Do Wolf-Dog Hybrids Make Good Pets?
Do Wolf-Dog Hybrids Make Good Pets?
When it comes to owning dogs, choosing the right breed for you and your family that would make a good pet is paramount. In many areas, wolf-dog hybrids are considered to be good pets. In the years I spent in personal growth workshops in the high Mojave Desert in Southern California, I often took silent, solitary walks through the desert area surrounding the conference centre, accompanied only by the two magnificent wolf-dog hybrids that lived at the ranch.
In my time there, these wolf-dogs became my constant companions and guides, leading me to incredibly scenic areas, where the heady aroma of juniper pines were hypnotic, and the view of the purple mountains shrouded in the early morning mist and clouds was truly amazing.
When I accidentally ran across an online article the other day about these dogs, I was flooded with memories of those serene and joy-filled days, and started reminiscing about those dogs who played such an essential part in my spiritual journey. It became a sign for me to take a journey into the world of hybrid wolf-dogs.
According to the article, many myths exist about wolf-dog hybrids. Some say they are unable to be trained and vicious while some claim they are as tame as a Golden Retriever. Some feel they live longer than other "dogs" and are less prone to disease.
In reality, a wolf in captivity has the same life expectancy as a large dog, from 12-14 years. Both dogs and wolves are susceptible to the same infectious diseases. Additionally, the efficacy of a standard dog vaccine given to wolves and hybrids may be questionable. As far as making excellent guard dogs, by nature wolves are shy animals, so generally are not effective in this capacity. If any aggressive tendencies are observed in hybrids, those may be fear induced, which can make them hard to handle and unpredictable.
So while they are extremely attractive canines (and made excellent guides for me during my time in the desert), do wolf dog-hybrids make good pets for an average dog owner?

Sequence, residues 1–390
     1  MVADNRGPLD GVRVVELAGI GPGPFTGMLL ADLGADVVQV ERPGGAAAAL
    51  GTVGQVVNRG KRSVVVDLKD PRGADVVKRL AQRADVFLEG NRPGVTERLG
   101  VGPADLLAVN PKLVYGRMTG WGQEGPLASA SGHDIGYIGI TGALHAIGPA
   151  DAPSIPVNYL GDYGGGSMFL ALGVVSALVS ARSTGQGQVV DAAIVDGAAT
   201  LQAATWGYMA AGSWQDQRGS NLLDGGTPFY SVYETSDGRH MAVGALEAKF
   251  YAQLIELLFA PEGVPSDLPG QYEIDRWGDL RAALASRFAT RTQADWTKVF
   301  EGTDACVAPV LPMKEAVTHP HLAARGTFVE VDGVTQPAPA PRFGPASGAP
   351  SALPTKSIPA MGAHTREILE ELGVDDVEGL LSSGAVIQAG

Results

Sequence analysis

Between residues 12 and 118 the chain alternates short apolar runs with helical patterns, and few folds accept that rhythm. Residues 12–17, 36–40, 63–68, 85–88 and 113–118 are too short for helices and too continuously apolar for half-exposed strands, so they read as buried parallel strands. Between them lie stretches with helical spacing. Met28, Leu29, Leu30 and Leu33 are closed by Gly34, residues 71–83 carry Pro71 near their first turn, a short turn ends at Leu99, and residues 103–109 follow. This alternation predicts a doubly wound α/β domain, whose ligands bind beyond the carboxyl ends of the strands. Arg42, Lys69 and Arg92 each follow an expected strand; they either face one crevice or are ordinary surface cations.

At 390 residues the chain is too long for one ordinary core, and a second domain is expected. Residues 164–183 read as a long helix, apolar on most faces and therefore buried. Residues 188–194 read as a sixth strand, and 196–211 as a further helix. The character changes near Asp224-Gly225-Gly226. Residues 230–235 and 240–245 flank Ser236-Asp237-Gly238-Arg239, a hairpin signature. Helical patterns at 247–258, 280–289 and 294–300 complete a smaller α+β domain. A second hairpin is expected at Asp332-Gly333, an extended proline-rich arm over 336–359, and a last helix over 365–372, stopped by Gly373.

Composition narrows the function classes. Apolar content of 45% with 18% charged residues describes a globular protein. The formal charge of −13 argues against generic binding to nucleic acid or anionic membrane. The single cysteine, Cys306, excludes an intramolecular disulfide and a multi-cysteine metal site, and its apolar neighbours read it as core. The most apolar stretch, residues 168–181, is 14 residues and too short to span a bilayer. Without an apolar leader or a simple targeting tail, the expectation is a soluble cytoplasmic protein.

While many folks say they make excellent pets for those who are familiar with their special needs, but in general, my answer is “absolutely not.” Since these canines are a cross between a wolf and a dog, they need special handling and training by a person dedicated to these animals.
With patience and consistency, even a dog that is hard to train can learn. But the wolf-dog temperament tends toward dominance, and will constantly test his or her “master.” In order to avoid constant battles, the owner must establish "alpha" status to “dominate” the hybrid.
Other important things to consider before making the decision to own a wolf-dog hybrid are: since the wolf-dog-hybrid is still part wild, it cannot ever be a predictable "docile" family pet. They have special needs, both mental and physical. What are their nutritional requirements? Do the laws in your state permit hybrid ownership?
Are you willing to be dedicated to the hybrid's welfare? Too many people adopt these canines on a whim and end up surrendering them to the local Humane Society, where they are routinely euthanized since it is very difficult to place them with a new owner because they have already established deep bonds with their former caretaker.
But if a wolf-like canine is a dog to which you are attracted, instead consider a Husky or a Malamute which resemble them closely.
For those interested in learning more about these beautiful and unique canines, you can visit various websites.
What are your thoughts about wolf-dog hybrids as pets? Chime in below!